Dr Vallance: Of course, they are heavily regulated. The data are looked at independently, usually by the FDA. The FDA looks at data. The EMA looks at summary results more than original data. Those sites are audited by the regulators, of course. There are very strict rules around that, and they do pick up problems.

Chair: We will explore clinical trials a bit further.

Q656       Martin Whitfield: When Dr Ben Goldacre gave us evidence, he said:Since 2014, there has been a guideline requiring all trials of medicinal products conducted in a European country to report their results, within 12 months of completion.” However, Dr Goldacre went on to tell us that, within the university sector, the track records on publishing clinical trials vary hugely. Some are as high as 75%, but some are as low as 10% or, indeed, lower. What do you feel your responsibility is, as Minister, to encourage the full reporting of trials?

Dr Vallance: I feel quite strongly about this. Taking part in a clinical study is something that inevitably puts you at risk for the benefit of others. Therefore, the data should be made public. I do not think there should be any exceptions.

Q657       Chair: Comprehensively—in every case.

Dr Vallance: In every case. I think that is true for industry and for academia. In fact, in a previous role, I went further and said that the raw data should be available. By definition, many studies cannot be repeated, because they are too big and too complicated, so you need to be able to see the data in order to know their validity. In clinical experimentation, there should be no exceptions, that I can think of, to making the data public.

Q658       Chair: Does it concern you that, four years on from the 2014 guidance, there is such variable practice among academic institutions? Industry appears to comply quite well.

Dr Vallance: There is a cost associated with it, which needs to be built into the research system. Just to be clear, a lot of the failures are timeline failures, rather than not making things public.

Q659       Chair: Do you mean delays?

Dr Vallance: Yes, in getting the whole thing written up and completed. Sometimes the delays are because it is not a single study, but two or three studies that most naturally get grouped together. Personally, I think it would be a mistake to put in a very rigid timeline by which everything must be published, but they should all be published and there needs to be some timeline around that.

Q660       Chair: And transparency about who is performing and not performing. Ought we not to know which universities are failing to comply with the 2014 guidance?

Dr Vallance: It ought to be visible. Again, that is an issue that does not necessarily affect only universities.

Q661       Martin Whitfield: Given that, interestingly, the data are going to be published in the very near future, what would your message be to institutions with poor compliance rates?

Dr Vallance: Sort it out.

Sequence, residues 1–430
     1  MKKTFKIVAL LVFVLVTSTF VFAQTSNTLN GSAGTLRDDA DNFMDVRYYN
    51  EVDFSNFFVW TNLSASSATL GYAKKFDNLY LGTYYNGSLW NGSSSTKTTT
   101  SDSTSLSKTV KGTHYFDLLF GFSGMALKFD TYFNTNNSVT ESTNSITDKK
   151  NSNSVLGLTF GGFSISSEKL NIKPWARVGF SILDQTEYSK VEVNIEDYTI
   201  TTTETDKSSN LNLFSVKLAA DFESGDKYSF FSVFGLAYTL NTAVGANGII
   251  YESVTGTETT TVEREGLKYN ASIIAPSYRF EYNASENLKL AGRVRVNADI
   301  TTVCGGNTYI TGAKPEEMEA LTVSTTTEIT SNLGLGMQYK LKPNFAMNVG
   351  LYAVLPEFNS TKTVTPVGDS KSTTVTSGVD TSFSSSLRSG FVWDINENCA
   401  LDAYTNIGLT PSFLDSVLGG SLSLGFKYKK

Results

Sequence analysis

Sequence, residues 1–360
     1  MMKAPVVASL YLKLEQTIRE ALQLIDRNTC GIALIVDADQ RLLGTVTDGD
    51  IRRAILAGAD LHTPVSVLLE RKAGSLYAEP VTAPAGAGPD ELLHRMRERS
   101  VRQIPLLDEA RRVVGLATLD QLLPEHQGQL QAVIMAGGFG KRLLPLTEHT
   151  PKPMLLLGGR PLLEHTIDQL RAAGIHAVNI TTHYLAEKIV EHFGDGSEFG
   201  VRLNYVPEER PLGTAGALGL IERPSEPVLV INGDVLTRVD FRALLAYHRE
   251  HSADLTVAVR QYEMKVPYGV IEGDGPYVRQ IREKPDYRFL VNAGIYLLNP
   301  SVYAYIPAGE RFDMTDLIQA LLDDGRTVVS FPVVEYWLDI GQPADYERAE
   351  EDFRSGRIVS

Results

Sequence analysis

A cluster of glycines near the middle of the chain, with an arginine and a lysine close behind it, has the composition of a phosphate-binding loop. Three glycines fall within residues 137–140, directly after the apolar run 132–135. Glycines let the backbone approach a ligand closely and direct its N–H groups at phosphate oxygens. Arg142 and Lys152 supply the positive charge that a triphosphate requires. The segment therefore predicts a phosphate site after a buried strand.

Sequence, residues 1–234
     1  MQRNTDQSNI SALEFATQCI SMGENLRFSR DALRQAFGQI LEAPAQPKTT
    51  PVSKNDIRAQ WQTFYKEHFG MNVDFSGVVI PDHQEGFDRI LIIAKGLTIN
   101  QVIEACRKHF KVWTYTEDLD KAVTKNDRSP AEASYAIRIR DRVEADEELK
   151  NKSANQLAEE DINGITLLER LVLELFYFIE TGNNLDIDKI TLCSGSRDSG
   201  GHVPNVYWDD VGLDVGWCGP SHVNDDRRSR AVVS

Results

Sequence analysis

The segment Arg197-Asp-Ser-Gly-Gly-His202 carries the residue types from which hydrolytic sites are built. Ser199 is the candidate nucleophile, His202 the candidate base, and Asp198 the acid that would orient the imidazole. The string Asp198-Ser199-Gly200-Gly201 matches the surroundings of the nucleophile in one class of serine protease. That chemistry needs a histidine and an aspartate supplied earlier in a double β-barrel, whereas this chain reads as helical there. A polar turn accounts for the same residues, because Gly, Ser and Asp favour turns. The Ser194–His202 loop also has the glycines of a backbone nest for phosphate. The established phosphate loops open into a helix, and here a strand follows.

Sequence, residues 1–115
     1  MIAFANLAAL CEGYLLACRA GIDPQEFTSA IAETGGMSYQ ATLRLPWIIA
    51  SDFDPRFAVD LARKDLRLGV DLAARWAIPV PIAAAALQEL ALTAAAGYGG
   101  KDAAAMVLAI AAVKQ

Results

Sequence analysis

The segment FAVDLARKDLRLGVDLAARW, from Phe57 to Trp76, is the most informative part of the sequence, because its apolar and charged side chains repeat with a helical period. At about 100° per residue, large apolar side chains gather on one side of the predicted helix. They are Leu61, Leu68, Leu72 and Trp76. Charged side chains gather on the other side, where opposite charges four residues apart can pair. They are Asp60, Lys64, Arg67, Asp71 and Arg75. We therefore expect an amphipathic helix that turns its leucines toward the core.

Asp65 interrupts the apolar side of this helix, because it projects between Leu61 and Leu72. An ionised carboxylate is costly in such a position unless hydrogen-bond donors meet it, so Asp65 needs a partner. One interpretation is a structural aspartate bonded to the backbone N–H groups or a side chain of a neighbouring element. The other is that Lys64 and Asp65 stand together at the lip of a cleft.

Q662       Martin Whitfield: Would it be any stronger than that, or just, “Sort it out”?

Dr Vallance: It is not my accountability to do that. I have given you my position. All of these trials need to be in the public domain, for all the reasons that Ben Goldacre and AllTrials talk about.

Q663       Chair: Presumably, Minister, you agree.

Mr Gyimah: You want institutions to comply with best practice of their own accord. I would certainly concur with the suggestion that they should sort it out.

Q664       Chair: You would agree that there should be transparency, that we ought to know who is complying.

Mr Gyimah: Absolutely.

Q665       Carol Monaghan: Dr Vallance, you said that you feel there should be complete compliance when we are talking about medical raw data. In the course of this inquiry, I have asked a number of times about a particular medical study, the PACE trial, which was hugely controversial. The raw data from that study have never been fully published. In fact, Queen Mary University of London has spent over £200,000 on lawyers to prevent those data from being published. Can you offer any comment on that particular example?

Dr Vallance: I have been in post for four weeks.

Carol Monaghan: Apologies.

Q666       Chair: Come on—sort yourself out.

Dr Vallance: I am not sure that I know many details on that specific example. Mark Walport wrote a reply, didn’t he?

Q667       Carol Monaghan: He did indeed. He said, “We have been assured that there has not been data lost. Access to data may be requested by contacting the co-principal investigators.” That is probably news to the people who have been fighting to have the data released.

Dr Vallance: I know that the Wellcome Trust has asked to join the CSDR—the clinical studies data repository. The CSDR was initially set up by a small number of pharmaceutical companies, and 13 have now joined. It makes raw patient-level data available, through an application process. One of the problems, of course, is that the data sometimes have privacy constraints around them. Therefore, there needs to be a process to apply for access to data. I do not think that it should be a free-for-all.

Q668       Carol Monaghan: It would all be on the understanding that they would be anonymised data, not personal data. Nevertheless, the anonymised data are important for peer review and for further scrutiny.

Dr Vallance: I agree with that, but I want to make one other point. The CSDR process was set up as a review panel, which looks at the request. The reason for that is that you can data-trawl large datasets and come up with very bad post hoc analysis, so the CSDR process mandates that the research question is properly specified, the method is specified and the analysis is specified. Provided that is okay, you can get access to it. I do not think it should be a complete free-for-all, where anyone can do anything they like with the data.